Earnings season rolled along today with notes from Lucid Motors’ fourth-quarter results. The company, like other electric vehicle (EV) companies, is nascent in revenue terms, albeit further along than some. The company publicly debuted as a SPAC company in July last year after merging with Churchill Capital IV.
The company’s value has had a turbulent day. Lucid’s stock rose nearly 10% during regular trading, adding $2.63 to its per-share value. However, after the company reported its results, its shares fell, erasing 10.8% of its value, or around $3.14 per share.
In aggregate, Lucid is net down a fraction today as of the time of writing. Why? Revenue came in under expectations. But as with all companies like Lucid that have been busy building in anticipation of future sales, there’s more to the story.
To get a proper grip on Lucid’s Q4, and full-year 2021, results we’ll start with a look at its non-earnings results, including customer reservations and the like. Then, we’ll explore its financial results in detail.
Reservations and capacity
After announcing 17,000 reservations last November for the Lucid Air, the company’s luxury sedan that boasts a long range and the largest shudders “frunk” on the market, customer reservations topped 25,000 as of Monday, reflecting potential sales of more than $2.4 billion.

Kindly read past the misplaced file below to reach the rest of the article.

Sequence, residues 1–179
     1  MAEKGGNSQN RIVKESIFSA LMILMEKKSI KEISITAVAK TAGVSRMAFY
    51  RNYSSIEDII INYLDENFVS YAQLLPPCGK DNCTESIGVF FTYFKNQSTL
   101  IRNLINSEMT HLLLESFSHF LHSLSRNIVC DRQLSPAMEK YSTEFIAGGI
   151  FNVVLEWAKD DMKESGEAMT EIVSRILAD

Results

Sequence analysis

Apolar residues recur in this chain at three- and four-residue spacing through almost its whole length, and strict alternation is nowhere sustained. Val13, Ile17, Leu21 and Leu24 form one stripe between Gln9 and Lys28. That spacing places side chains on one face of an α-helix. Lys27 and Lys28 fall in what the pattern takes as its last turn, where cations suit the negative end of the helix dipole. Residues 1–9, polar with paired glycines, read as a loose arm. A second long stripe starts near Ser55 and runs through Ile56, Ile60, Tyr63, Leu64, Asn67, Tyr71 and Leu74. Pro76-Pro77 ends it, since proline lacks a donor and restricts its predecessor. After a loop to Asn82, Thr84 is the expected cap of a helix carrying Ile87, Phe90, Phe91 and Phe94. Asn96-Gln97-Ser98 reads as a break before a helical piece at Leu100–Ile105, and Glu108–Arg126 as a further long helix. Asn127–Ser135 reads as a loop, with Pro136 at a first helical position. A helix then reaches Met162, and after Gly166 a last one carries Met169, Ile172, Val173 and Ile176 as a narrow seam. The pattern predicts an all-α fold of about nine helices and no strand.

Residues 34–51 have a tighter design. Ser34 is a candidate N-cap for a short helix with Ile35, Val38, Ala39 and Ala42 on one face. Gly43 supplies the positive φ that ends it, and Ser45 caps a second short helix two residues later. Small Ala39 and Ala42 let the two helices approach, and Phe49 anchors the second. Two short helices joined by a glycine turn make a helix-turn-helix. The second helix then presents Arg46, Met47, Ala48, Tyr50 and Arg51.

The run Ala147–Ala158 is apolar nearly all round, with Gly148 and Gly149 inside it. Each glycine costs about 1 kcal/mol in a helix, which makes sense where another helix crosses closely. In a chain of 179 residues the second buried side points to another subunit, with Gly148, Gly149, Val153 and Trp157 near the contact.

The first deliveries for the Lucid Air, which TechCrunch drove for the first time in September, began in November. Only 125 Airs were delivered in the fourth quarter, but to date, there have been a total of 300 — a sign that Lucid might be ramping up production and delivery.
The EV company noted that production currently exceeds 400 vehicles and that 2022 should see a range of 12,000 to 14,000 Lucid Air vehicles being produced, which is down from the 20,000 units Lucid had promised during its Q3 earnings. The company blames supply chain issues for the setback, and expects those issues to lessen in the second half of the year.
Lucid Air production will be powered by Lucid’s manufacturing facilities in Casa Grande, Arizona, where the company’s 2.85 million-square-foot expansion is on track, bringing production capacity from its current 34,000 Lucid Airs per year to 90,000 units, says the company.
Lucid is also building a new manufacturing facility in the Kingdom of Saudi Arabia that it expects to finish by 2025. The company estimates the Saudi plant could bring in up to $3.4 billion in revenue over the next 15 years. For its part, working with Lucid helps Saudi Arabia’s goal of transforming and diversifying its economy by developing sustainable energy and transportation.
But the relationship between Lucid Motors and Saudi Arabia goes further back than this recent agreement. Lucid was founded in 2007 as Atieva, a company that was more interested in supplying the budding EV market rather than manufacturing cars itself. It pivoted to the mission and brand of Lucid Motors in 2016, but had trouble raising funds. The company almost died before being saved by the Saudi Sovereign fund’s $1.3 billion investment in 2018.
Lucid has also gone back on the timing for its Gravity project, its luxury SUV that will also be manufactured in Saudi Arabia. In Q3 2021, Lucid set it was on track to begin production and first deliveries in 2023, but on Monday, the company said it expects production to begin in the first half of 2024.